One of the employees testified to having been grabbed by the wrists and pushed and shaken by pickets while she was entering the mill. That such conduct constitutes a riot within the meaning of the statute cannot be questioned. Intimidation of employees desirous of remaining at work through the use of offensive personal epithets, threats of, and attempts to inflict, physical injuries are characteristics of the offense. Compare Com. v.Merrick et al., supra, p. 490, and Com. v. Brletic et al.,113 Pa. Super. 508, 173 A. 686.

    With relation to appellant's connection with the riotous conduct of the pickets, she testified that she joined the picket line on the morning the strike was called and was in it each day, with the exception of three or four, during the time the plant was in operation, and particularly on the mornings of August 23d, 24th and 25th. She positively denied, however, that she participated in the throwing of stones or any other kind of disorderly conduct. Referring particularly to the morning of August 25th, she admitted she was in the group from which the stone came and heard it strike the car, but asserted she did not know by whom it was *Page 167 thrown. Her statement was that her motive in joining the pickets practically every morning the strike was in progress was that she merely "wanted to see what was going on." In reply to the question, "Why did you go?" she said, "We didn't want to do any damage. We just wanted to talk nice to the girls." On the other hand, at least six witnesses for the Commonwealth positively identified appellant as the person who threw the stone which struck the car containing a number of girls endeavoring to go to work that morning. Several witnesses testified appellant was an active member of the pickets throughout the strike, but no particular attempt by her to inflict physical injury upon working employees was shown, except the throwing of the stone on August 25th.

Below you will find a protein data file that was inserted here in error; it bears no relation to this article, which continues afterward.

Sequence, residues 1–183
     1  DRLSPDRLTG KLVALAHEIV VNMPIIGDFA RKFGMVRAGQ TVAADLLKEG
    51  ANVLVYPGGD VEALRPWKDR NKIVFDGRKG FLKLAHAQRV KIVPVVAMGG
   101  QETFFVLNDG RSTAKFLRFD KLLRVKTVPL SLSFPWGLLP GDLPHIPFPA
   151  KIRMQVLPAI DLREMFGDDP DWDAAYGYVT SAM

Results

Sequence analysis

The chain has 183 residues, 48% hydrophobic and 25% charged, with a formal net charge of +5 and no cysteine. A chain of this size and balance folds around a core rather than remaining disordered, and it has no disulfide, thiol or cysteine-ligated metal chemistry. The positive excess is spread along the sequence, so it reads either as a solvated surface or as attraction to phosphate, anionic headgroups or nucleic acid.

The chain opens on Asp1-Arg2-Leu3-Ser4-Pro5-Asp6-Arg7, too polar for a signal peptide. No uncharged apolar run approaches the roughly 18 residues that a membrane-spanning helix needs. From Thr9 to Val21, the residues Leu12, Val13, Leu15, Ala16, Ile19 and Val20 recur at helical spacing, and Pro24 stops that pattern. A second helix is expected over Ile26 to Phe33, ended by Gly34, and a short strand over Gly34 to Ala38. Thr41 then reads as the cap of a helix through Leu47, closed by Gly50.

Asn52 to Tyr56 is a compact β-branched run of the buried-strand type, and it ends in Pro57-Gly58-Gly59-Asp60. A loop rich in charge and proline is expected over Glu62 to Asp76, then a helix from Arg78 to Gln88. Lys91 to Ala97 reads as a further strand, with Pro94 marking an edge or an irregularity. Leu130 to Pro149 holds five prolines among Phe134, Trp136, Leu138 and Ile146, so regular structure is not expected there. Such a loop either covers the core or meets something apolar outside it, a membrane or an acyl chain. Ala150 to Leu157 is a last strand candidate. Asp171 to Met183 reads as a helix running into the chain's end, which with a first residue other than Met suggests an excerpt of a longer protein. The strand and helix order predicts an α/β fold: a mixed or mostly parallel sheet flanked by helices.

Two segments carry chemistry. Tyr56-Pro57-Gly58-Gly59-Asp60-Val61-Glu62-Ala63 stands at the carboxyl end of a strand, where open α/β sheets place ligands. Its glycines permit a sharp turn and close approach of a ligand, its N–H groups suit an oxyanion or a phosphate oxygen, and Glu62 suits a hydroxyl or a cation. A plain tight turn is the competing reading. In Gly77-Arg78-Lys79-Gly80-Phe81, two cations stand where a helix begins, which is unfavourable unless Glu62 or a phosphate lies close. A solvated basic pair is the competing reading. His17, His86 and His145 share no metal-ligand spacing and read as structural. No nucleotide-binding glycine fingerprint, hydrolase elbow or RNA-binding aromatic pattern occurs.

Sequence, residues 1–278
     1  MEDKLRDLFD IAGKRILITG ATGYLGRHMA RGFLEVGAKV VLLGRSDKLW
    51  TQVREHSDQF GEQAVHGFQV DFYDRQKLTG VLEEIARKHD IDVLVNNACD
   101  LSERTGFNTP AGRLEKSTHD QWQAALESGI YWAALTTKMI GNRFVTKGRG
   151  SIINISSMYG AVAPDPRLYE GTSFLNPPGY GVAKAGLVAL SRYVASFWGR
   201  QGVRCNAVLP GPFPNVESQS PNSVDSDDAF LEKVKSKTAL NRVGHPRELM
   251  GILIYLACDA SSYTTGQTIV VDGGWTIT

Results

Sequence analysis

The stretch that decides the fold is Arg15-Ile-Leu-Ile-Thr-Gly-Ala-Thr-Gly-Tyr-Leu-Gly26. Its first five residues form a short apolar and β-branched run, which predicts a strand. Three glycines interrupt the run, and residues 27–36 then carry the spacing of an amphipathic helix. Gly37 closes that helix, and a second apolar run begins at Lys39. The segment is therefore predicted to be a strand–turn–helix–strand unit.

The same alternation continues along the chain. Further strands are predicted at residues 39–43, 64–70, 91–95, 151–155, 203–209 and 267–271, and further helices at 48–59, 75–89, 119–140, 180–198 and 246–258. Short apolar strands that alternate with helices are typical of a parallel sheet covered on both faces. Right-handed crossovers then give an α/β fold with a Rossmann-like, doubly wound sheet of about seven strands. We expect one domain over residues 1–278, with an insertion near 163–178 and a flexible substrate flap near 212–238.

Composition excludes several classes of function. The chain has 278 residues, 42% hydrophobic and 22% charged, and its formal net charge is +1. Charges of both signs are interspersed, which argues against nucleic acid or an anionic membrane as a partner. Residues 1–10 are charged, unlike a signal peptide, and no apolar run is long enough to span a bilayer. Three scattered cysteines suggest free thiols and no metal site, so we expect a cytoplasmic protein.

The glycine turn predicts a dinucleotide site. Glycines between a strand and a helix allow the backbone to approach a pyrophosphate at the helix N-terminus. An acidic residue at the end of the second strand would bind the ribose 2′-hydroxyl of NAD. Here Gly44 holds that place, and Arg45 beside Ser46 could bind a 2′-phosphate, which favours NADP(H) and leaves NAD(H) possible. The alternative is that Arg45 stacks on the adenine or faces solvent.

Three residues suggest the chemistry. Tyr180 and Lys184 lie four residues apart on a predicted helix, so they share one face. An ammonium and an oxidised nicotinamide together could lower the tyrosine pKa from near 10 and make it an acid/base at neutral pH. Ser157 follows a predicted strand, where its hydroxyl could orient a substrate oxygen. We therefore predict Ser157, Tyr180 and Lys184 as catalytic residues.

It is perfectly clear that the testimony raised a question of fact for the jury. By her own admission, appellant's almost continuous presence when riotous acts were committed by the pickets was intentional. The trial judge submitted to the jury in a charge, to which only a general exception was taken, the issue whether her presence was due, as she alleged, to mere curiosity to see what might happen and for the purpose of peacefully persuading other employees to join the strike, or, as the Commonwealth contended, for the purpose of forcibly preventing non-striking employees from continuing at work. Appellant's eighth point for charge, reading, "If, from all the credible evidence in the case, the jury finds that on the day of the defendant's arrest, to wit: the 25th day of August, 1937, she did not commit any breach of the peace, act of violence or cause or participate in any riotous conduct, then your verdict should be not guilty," was affirmed.

    The first ten assignments charge error in admitting, over the objection of counsel for appellant, and refusing later to strike out, testimony relative to riotous acts of the strikers committed prior to the date laid in the *Page 168 indictments. As above stated, appellant admitted she was present upon many of the occasions described in this testimony. The trial judge permitted the Commonwealth to show the number of pickets, their actions and the fact that defendant was among them, during the period from August 3d, when the strike began, up to and including August 25th, but confined the testimony to strike conditions existing at this particular plant.

    We think this testimony was properly admitted, under the facts developed in this case, for the purpose of showing appellant's intent and purpose in becoming a member of the picketing group of strikers. Evidence of her previous conduct (within a limited period) and that of her associates was admissible for the purpose of showing the intent with which such acts were committed. It tended to negative her contention that she was an innocent bystander, mistakenly accused of throwing a stone at a car transporting employees who insisted upon their right to work, and supported the contention of the Commonwealth that the specific act of violence charged against her was one of a series committed pursuant to a common purpose and design.